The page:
As the incidence of childhood cancer rises, challenges include delivering personalised precision medicine and minimising the late effects of disease and treatment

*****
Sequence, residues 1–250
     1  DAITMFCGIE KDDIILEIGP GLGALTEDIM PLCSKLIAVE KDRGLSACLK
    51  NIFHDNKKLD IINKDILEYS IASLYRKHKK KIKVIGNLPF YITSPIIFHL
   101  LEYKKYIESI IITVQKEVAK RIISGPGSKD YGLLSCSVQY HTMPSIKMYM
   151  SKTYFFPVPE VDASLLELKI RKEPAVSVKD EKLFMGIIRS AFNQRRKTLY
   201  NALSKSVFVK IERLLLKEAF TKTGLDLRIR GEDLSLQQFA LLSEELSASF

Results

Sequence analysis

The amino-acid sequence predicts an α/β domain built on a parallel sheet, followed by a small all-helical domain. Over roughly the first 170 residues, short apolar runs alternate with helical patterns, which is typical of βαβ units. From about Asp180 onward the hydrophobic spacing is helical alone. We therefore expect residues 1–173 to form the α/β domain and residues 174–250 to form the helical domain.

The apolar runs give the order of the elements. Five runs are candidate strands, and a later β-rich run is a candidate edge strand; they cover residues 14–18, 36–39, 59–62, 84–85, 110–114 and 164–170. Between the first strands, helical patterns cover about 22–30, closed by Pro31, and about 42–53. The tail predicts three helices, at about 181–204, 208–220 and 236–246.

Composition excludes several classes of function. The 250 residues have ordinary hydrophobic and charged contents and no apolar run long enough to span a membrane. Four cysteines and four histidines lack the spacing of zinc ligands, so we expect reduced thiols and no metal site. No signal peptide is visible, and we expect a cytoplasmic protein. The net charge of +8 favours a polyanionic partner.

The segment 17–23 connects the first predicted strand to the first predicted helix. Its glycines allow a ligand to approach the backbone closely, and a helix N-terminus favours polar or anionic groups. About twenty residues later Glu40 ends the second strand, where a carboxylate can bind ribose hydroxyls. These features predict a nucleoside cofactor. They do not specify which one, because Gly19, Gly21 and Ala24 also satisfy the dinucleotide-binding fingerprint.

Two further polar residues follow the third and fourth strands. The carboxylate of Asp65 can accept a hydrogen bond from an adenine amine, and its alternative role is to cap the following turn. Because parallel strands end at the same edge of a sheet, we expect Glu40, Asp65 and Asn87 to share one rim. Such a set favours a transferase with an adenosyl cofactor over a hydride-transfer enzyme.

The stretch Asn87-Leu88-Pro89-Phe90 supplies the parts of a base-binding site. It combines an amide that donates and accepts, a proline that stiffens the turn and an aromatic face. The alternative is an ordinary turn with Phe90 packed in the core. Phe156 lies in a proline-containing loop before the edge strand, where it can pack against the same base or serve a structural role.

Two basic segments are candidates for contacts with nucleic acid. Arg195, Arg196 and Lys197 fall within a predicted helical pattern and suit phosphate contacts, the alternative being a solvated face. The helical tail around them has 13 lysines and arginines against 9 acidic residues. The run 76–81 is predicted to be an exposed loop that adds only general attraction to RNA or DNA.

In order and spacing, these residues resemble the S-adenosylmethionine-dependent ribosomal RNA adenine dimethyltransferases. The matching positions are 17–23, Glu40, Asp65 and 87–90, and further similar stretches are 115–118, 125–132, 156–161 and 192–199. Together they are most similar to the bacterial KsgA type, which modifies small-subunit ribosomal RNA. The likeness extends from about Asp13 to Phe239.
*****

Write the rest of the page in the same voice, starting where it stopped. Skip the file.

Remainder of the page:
Cancer is the leading cause of disease‐related death during childhood.1 Cancer in children and adolescents has profound impacts at the individual, family, community, and population levels that are comparable with the burdens of cancer in adults. Moreover, cancer in children is associated with unique opportunities and challenges. They include a lack of knowledge about causative and preventive factors for most childhood cancers, the loss of a lifetime of potential when a child succumbs to their disease, and, for survivors, the lifelong sequelae of cancer diagnosis and treatment.1,2
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